All sorts of experiences are taking place all around me every single day. I'll be honest when I say that this has been one of the biggest stresses in my life being on a mission, the reason being is because one's integrity, faith, patience, intellect, knowledge of the doctrine and scriptures, communication, progression, and testimony are tried every day. However, the mission is only as stressful as one allows it to be, and the more one acquires Christ-like attributes as listed in Ch. 6 of PMG, the easier the mission gets and the more enjoyable this life becomes.
Besides, this mission will only last but a small moment, so why not make it something worth remembering for time and all eternity by giving it all you got and pushing yourself harder than before to help the Lord accomplish His work.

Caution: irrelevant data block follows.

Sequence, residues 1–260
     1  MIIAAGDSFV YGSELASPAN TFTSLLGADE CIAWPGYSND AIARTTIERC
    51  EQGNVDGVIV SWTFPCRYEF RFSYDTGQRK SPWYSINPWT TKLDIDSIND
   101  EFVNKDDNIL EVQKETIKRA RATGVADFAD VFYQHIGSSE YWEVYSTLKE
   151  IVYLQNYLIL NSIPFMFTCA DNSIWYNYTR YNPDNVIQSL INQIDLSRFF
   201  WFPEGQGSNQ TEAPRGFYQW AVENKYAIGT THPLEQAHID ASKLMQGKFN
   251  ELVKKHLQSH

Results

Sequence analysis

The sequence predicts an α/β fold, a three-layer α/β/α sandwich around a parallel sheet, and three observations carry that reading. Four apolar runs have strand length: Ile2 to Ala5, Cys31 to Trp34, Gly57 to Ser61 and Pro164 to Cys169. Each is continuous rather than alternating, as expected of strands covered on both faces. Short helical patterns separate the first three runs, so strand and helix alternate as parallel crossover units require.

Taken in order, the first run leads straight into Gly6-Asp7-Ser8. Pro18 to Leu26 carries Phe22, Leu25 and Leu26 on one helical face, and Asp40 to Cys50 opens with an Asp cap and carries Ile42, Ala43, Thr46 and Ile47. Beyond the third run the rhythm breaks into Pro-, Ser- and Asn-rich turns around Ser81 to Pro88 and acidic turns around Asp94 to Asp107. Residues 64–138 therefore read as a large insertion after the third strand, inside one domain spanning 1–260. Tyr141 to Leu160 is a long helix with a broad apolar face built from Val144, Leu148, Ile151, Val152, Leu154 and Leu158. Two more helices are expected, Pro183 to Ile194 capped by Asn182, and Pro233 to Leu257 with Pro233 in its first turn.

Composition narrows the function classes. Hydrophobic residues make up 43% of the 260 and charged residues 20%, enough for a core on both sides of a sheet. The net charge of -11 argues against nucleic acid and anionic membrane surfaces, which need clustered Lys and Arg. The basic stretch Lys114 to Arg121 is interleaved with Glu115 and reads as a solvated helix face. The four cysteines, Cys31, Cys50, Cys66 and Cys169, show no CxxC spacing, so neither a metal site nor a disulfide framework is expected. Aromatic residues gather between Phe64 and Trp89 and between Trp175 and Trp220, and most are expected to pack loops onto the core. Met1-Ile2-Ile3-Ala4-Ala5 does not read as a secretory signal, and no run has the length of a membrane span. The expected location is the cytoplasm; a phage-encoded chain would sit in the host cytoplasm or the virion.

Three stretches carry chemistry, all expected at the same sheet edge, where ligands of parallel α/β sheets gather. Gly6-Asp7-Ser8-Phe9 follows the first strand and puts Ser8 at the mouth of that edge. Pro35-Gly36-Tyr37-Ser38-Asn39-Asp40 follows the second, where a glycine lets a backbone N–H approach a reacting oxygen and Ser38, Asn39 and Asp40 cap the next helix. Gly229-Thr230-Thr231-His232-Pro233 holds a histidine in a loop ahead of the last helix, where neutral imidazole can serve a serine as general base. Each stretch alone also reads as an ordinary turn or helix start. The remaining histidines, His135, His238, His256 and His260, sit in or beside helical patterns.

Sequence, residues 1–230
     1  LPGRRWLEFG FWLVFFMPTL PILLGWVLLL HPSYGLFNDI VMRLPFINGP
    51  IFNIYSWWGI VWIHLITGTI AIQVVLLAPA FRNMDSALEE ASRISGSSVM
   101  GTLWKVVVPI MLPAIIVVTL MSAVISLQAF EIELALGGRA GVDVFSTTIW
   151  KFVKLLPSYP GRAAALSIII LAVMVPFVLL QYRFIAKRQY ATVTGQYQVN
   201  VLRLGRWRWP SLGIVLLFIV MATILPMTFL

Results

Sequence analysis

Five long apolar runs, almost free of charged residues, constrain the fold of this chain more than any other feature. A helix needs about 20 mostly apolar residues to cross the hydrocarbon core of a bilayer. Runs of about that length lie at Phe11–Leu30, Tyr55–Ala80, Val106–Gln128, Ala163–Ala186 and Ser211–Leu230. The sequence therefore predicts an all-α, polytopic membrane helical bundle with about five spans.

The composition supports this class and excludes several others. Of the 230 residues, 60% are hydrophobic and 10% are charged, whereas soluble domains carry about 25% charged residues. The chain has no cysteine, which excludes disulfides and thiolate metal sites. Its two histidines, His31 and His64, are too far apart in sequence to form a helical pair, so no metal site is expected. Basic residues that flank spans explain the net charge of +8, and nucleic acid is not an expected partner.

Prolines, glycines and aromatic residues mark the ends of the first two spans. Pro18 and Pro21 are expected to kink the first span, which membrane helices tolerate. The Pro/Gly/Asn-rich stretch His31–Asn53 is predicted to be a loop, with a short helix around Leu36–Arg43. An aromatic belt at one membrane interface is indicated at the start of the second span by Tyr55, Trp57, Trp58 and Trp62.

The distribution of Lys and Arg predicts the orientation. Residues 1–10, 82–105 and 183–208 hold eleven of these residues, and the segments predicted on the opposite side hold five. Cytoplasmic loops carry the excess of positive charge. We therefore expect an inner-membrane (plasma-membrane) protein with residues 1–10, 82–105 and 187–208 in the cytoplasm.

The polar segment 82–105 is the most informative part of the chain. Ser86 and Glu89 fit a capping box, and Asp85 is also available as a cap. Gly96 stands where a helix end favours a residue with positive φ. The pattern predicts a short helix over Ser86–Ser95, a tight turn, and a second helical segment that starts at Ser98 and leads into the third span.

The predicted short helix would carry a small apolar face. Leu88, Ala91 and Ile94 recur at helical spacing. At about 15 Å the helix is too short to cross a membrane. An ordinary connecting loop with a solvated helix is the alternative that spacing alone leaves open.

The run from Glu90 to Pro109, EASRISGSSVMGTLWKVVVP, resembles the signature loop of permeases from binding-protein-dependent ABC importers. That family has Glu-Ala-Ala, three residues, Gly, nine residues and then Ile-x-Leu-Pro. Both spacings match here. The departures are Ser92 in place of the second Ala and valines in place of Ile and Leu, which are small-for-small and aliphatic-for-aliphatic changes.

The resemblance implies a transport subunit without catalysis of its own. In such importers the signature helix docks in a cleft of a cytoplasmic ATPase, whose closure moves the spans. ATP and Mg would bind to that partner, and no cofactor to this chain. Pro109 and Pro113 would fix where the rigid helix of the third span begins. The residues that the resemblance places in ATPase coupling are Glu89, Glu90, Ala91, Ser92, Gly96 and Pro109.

-First off, my comp and I fixed two baptismal dates with two of our progressing investigators named Madame Yeabli and Sœur Patience for the 27th of June. We still have a long ways to go, but hopefully until this time we'll be able to help them prepare themselves to be baptized. Note: two super awesome scriptures that we shared before committing Madame Yeabli to baptism -- Matthew 7:13-17 and 2 Nephi 31:5-9.
We met Sr. Patience one day while we were visiting our family in Womyomé. We were teaching the children of the family out in the courtyard the Plan of Salvation when she approached us and asked what it is that we do. I don't remember if she participated in our discussion before we introduced ourselves, but we've been meeting with her and the family ever since.